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The region of South Tyrol is characterized by a tradition of over 2000 years of vineyard cultivation. Even in pre-Roman times, the resident Raeti practised viticulture. With apparently good contact to the Illyrians and the Etruscans, they developed a remarkable local culture of wine growing. Recent discoveries as well as current designations prove that much of their knowledge was adopted by subsequent generations.
The Romans adopted from the Raeti the technique of storing and transporting wine in wooden barrels. With the development of road networks over the Alps and the resultant increase in trade, wine-growing became an important branch of the local economy. In the stormy era of the post-Roman Migration of Peoples, the Langobards and later the Baiovarii migrated to South Tyrol. Centuries later, in the High Middle Ages, the local vineyards belonged to Bavarian monasteries and aristocracy. The wine of this region was exported far to the north and was also, as is documented, enjoyed at the court of the Holy Roman Emperor.
At the end of the Middle Ages, Tyrol came under the sovereignty of the House of Habsburg. Wine-growing was encouraged from Vienna and enjoyed a time of prosperity at the end of the Imperial and Royal monarchy.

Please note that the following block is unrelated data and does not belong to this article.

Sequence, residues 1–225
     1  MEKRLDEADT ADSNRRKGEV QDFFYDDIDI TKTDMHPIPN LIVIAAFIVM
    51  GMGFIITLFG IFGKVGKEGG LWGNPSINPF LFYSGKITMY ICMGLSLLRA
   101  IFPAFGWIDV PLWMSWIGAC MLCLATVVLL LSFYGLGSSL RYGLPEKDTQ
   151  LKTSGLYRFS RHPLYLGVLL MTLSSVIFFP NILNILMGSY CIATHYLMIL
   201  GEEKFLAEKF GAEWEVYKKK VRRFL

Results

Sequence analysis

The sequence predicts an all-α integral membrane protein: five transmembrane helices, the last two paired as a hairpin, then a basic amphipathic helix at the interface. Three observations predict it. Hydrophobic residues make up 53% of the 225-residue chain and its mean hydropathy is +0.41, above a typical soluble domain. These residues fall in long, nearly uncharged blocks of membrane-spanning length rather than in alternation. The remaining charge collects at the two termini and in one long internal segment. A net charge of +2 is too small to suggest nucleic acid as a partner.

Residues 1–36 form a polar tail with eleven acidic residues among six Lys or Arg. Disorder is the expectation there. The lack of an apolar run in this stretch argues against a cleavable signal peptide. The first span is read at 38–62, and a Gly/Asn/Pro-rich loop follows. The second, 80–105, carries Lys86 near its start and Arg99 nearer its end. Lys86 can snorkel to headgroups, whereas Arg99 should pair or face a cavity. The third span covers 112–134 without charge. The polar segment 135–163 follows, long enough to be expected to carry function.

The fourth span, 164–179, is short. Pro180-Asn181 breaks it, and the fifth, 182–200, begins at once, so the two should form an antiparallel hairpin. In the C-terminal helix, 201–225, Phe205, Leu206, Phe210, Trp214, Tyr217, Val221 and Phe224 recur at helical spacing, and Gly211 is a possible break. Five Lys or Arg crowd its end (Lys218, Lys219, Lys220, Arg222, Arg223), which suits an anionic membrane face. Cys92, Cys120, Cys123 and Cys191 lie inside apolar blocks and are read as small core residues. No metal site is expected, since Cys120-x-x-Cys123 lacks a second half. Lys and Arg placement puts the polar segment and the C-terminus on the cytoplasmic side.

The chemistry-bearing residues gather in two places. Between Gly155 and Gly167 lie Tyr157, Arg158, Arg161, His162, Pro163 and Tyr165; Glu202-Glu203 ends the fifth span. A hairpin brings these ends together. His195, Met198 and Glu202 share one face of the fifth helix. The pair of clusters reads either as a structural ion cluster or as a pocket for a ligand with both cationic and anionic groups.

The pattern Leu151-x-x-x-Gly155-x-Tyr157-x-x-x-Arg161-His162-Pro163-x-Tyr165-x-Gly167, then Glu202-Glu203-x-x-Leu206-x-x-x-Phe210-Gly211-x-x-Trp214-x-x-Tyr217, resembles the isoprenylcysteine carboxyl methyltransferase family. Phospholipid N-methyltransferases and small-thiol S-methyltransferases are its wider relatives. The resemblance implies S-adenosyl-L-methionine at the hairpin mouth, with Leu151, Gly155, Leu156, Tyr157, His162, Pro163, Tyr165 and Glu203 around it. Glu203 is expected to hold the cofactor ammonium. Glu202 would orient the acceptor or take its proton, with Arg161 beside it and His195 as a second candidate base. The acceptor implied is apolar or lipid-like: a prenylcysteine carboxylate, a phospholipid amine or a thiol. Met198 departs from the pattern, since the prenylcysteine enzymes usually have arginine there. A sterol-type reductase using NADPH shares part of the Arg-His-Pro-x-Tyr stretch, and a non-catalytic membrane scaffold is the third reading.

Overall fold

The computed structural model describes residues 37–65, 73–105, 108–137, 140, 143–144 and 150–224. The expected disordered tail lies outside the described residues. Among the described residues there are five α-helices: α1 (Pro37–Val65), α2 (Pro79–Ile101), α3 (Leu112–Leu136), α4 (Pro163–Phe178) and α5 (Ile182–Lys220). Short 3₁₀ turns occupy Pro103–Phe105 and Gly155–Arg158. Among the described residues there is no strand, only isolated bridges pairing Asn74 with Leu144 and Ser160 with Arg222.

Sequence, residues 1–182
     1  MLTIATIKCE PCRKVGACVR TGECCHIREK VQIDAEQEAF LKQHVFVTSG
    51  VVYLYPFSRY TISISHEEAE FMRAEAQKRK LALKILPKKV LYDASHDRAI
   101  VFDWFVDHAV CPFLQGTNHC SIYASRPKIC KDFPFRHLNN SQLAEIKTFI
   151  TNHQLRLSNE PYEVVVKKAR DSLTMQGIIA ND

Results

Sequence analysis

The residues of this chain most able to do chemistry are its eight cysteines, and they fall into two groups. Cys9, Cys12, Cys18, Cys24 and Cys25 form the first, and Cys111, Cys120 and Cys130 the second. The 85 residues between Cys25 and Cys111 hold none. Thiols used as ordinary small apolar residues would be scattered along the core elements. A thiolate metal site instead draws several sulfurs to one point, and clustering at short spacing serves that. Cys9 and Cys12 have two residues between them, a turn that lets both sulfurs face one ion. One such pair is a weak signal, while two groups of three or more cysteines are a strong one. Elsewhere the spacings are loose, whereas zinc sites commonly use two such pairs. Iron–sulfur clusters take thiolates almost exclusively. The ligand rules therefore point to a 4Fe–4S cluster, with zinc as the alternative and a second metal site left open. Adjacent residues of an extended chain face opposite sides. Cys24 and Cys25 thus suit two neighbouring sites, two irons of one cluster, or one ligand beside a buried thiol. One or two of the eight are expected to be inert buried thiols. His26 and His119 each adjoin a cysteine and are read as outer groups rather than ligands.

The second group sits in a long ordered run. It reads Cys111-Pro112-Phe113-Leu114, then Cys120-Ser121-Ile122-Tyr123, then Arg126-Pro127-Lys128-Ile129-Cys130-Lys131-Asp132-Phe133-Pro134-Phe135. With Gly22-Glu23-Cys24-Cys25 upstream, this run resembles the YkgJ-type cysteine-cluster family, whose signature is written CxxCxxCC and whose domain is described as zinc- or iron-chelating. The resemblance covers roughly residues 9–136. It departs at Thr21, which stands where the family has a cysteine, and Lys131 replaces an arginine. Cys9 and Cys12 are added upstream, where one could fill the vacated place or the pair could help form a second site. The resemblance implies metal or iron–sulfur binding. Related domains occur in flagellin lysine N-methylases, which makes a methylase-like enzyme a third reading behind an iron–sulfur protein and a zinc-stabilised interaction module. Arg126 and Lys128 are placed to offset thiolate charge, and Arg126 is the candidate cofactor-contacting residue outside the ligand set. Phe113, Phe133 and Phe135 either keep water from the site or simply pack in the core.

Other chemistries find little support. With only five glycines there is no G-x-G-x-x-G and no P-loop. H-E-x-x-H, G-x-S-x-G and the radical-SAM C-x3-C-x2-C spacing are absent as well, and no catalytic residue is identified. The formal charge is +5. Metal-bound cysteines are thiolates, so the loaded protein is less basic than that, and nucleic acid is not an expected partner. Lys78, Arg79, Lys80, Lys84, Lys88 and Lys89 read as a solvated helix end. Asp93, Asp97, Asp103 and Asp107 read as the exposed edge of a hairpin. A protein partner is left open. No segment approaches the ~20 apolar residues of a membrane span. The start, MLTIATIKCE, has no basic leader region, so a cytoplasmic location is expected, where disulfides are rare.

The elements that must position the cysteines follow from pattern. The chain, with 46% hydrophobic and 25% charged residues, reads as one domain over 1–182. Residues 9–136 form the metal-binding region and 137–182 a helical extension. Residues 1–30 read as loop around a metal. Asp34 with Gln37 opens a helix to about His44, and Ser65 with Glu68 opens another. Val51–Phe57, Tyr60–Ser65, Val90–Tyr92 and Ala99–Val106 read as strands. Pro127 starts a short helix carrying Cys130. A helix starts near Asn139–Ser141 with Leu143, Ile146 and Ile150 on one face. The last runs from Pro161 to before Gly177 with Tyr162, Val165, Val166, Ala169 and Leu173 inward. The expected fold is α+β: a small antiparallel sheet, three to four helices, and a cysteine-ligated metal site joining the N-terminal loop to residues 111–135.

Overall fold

1919 the German-speaking South Tyrol was ceded to Italy, along with neighbouring Trentino. Between the dislocations of the two world wars and the era of fascist oppression, wine growing experienced a time of crisis. The basis for the current situation was only formed in the 1970s with the revival of regional commercial relationships. After a slump in the sales of open wines to Switzerland in the middle of the 1980s, the local wine industry underwent a profound change in quality. In addition to the self-marketing family establishments in the St. Magdalena area near Bozen/Bolzano and in Überetsch/Oltradige (Kaltern/Caldaro, Eppan/Appiano), many winegrowers, especially during the 1990s, decided to press, bottle and market their quality grapes themselves.